This one of the Heart Nebula (IC 1805) in Cassiopeia is comprised of 27 x 600 second exposures with the ZWO ASI071MC and the William Optics GT81 APO refractor, no filters, no calibration frames, stacked in DSS, processed in PSCC 2019. This is pretty impressive for a color camera when you consider the Heart is a relatively dim object, mostly made up of glowing ionized hydrogen gas and dust--with the exception of NGC 896, the "Fish Head Nebula" at the bottom.
I've had the Orion Atlas EQ-G, William Optics GT81, and ZWO ASI071MC camera set up for the last three days. It's been cold--down around -10C in the early morning hours. With a new moon that's slowly waxing, but still mostly absent from the night sky, I've been using the color camera to capture some amazing targets, including this three panel mosaic of the Orion Nebula (M42), Running Man Nebula, Horsehead Nebula (Barnard 33), Flame Nebula (NGC 2024), and the three giant stars in Orion's Belt, Alnitak, Alnilam, and Mintaka. This is why the Orion Constellation is arguably the sky's most impressive constellation. NOTES: 31 x 300 second exposures for each, with an additional set of 10 and 30 second exposures for the Trapezium in M42--that really bright triangular region. There's just so much fiery star forming action at the heart of the Orion Nebula that any exposure over a dozen seconds is going to blow out the whole area.
Here's my setup for the last few nights:
Orion at the southern Meridian:
I didn't just take some shots of comet 46P/Wirtanen last night. I also captured comet 14P/Wolf as it passed by the blue giant star, Rigel (the lower right star in Orion). I posted some time lapse shots of both on youtube.
I caught Comet 46P/Wirtanen in one 240-second exposure as it was passing through the constellation Eridanus. Next week 46P will pass about 7.2 million miles (0.0774 AU) from Earth, it's closest approach for the next 20 years. William Optics GT81, ZWO ASI071MC camera, Orion Atlas EQ-G
Soulful Friday--more importantly it was a cloudless Friday on the 10th. I'm going to have to do a mosaic for the whole thing, but for now here's the southern end of IC 1848, the "Soul Nebula" in Ha and OIII (Soul is also identified as Westerhout 5 and Sh 2-199). IC 1848 is in the constellation Cassiopeia, and what you see here is a bit more than half the 100 lightyears in length of the whole nebula--so what is that, something like 588 quadrillion miles from top to bottom? At 6,500 light-years away, that will make a nice four panel mosaic. (Notes: 40 x 240 seconds in Ha, 28 x 600 sec. in OIII. Atik 414EX mono CCD, Astronomik 12nm Ha, OIII filters, William Optics ZS61 + WO Flat F6A f/4.7, iOptron CEM25P EQ mount, Orion OAG + ZWO ASI120MM-Mini guide cam, Stellarmate OS (INDI/KStars/Ekos) running on Raspberry Pi 3b+)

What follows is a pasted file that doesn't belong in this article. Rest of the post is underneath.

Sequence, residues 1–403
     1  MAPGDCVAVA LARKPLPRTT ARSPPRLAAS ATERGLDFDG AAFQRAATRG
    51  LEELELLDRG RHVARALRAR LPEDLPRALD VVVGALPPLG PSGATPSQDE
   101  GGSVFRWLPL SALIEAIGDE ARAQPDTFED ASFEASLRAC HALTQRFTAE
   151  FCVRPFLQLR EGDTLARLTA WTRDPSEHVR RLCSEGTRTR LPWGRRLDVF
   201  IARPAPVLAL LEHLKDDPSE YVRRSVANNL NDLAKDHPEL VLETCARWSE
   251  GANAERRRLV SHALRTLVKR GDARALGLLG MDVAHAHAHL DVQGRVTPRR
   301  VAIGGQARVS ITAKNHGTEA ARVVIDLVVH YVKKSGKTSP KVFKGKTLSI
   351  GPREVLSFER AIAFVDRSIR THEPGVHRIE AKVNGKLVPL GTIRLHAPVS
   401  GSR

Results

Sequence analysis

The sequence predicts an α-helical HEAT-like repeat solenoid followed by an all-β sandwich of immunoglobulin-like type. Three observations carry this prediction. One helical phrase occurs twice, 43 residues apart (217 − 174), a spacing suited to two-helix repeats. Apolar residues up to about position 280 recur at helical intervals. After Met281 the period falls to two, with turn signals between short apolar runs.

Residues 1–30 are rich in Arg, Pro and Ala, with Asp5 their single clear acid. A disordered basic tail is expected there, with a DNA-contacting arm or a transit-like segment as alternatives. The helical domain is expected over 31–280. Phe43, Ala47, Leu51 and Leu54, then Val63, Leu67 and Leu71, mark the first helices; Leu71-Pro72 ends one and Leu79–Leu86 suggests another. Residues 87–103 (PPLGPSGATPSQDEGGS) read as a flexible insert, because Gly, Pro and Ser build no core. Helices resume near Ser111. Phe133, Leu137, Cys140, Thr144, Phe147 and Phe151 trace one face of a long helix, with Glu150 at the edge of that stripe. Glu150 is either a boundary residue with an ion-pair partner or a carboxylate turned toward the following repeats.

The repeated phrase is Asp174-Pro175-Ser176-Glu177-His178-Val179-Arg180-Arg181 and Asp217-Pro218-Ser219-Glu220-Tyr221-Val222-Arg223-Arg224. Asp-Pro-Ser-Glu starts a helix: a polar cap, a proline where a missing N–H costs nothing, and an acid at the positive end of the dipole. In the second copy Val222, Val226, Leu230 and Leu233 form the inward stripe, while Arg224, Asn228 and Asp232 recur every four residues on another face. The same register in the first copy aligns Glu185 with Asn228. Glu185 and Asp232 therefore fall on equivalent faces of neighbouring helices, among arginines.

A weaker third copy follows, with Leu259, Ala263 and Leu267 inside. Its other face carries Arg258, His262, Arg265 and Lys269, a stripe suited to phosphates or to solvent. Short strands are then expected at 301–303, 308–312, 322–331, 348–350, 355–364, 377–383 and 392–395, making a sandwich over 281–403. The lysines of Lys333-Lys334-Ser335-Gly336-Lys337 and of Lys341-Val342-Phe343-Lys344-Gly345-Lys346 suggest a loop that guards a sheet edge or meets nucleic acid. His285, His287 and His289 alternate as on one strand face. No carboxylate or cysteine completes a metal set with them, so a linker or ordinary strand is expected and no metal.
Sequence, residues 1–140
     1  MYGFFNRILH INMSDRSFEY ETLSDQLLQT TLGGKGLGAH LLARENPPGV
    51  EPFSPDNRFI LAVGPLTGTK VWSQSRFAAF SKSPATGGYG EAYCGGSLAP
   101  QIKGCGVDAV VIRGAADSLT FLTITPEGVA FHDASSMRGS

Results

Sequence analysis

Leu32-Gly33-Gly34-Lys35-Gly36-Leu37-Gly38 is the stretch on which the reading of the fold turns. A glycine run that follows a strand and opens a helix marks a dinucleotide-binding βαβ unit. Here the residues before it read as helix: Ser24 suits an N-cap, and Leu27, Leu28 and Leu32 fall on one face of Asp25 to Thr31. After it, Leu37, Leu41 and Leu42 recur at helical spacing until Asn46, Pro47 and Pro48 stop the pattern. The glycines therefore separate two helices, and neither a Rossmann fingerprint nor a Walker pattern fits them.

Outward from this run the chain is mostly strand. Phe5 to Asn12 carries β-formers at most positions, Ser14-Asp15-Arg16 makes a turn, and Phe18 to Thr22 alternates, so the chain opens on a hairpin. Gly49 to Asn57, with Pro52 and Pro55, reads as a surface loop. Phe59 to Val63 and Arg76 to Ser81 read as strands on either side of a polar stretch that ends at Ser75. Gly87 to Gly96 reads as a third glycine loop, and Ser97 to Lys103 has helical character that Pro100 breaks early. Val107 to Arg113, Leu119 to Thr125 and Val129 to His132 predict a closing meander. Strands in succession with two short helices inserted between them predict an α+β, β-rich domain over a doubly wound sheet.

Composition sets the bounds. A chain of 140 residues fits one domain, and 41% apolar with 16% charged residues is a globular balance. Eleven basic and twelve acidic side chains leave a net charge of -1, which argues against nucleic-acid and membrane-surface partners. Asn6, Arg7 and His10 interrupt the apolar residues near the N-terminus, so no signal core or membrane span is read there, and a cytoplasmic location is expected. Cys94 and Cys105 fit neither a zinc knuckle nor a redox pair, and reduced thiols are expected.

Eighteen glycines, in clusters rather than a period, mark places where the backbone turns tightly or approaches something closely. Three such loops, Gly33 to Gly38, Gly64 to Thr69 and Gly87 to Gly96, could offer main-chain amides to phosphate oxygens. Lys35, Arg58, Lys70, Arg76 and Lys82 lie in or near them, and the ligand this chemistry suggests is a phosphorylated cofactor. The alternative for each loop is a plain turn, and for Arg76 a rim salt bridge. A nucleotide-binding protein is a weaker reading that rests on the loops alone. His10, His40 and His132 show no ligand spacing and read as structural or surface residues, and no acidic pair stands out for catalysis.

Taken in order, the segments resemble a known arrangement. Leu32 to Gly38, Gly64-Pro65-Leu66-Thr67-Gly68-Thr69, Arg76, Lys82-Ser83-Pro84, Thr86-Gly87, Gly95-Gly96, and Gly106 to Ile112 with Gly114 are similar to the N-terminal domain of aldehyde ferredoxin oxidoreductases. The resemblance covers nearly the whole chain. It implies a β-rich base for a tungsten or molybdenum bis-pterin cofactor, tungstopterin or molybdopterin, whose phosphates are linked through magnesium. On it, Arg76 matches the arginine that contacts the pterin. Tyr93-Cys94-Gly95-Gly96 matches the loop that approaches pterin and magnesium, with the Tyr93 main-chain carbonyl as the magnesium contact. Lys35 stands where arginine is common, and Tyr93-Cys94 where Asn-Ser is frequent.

This is the first time I've captured any subs of NGC 2264, the Cone Nebula, about 2600 light-years away (800 Parsecs) in the constellation Monoceros. NGC 2264 includes several identified objects, including the Cone Nebula, Fox Fur Nebula and a massive variable star system, the Christmas Tree Cluster at its core. (Notes: 61 x 300 seconds in Ha, 48 x 300 sec. in OIII. Atik 414EX mono CCD, Astronomik 12nm Ha, OIII filters, William Optics ZS61 + WO Flat F6A f/4.7, CEM25P EQ mount, Orion OAG + ZWO ASI120MM-Mini guide cam, Stellarmate OS (INDI/KStars/Ekos) running on Raspberry Pi 3b+)
Near-Infrared: I also captured 40 frames of M78, a reflection nebula in the constellation Orion. I captured 20 of each in Ha (~656nm) and infrared with the 685nm longpass filter to see what showed up, and was surprised by what I could see in the unstretched subs. There really is a lot going on at the red end of the spectrum--and beyond, and I combined both of them in this shot, divided evenly across RGB (R=Ha, G=50%Ha/50%IR, B=IR). The plan is to come back with a set of color frames and see if I can combine the whole set.
I took some pics of my narrowband setup for this imaging run, before nightfall and in the middle of shooting frames for the Cone Nebula just before Meridian Flip.
Here's a screenshot of Ekos and KStars running, with the guiding tab opened. It was pretty windy, so an RMS" of 0.58 is great, but overall my guiding has improved since going to an Off-Axis Guider. I'm now using the Orion Thin OAG on both trains--color and narrowband, and the difference is noticeable. It took some time to dial sensor and focus distances in, but results are clear, and I just don't think I'll ever go back to a guide scope.
First shot of the season in the constellation Orion! I set up the AstroTech RC scope (6"/152mm aperture f/9) with my narrowband imaging train, Atik 414EX, ZWO filter wheel with Clear, Ha, OIII, SII & IR685, William Optics 0.8x field flattener/reducer that brings the AT6RC to f/7.2 at 1080mm focal length. With the Atik's 6.45μ pixels this has my resolution at 1.23 arcseconds per pixel, and a field of view of 0.48° x 0.36°.
Here are some shots of my set up last night, before nightfall, and in the middle of the narrowband run with 600-second exposures.
The 1000mm+ focal length did get me wonderfully close to the Horsehead Nebula (B33) and the reflection nebula NGC 2023 (bottom left) in the constellation Orion. This is what 46 stacked 600 second hydrogen-alpha frames will get you if you stretch things a bit too much and don't use any calibration frames. That would reduce the noise/graininess somewhat. Anyway, pretty happy with this. (46 x 600 second exposures in Ha, Atik 414EX mono CCD at -10C, Astronomik 12nm Ha filter, AstroTech AT6RC f/9 Ritchey-Chrétien + WO Flat6A f/7.2, iOptron CEM25P EQ mount, Orion OAG + ZWO ASI120MM-Mini guide cam, Stellarmate OS (INDI/KStars/Ekos) running on Raspberry Pi 3b+. Stacked in DSS, processed in Photoshop CC 2019).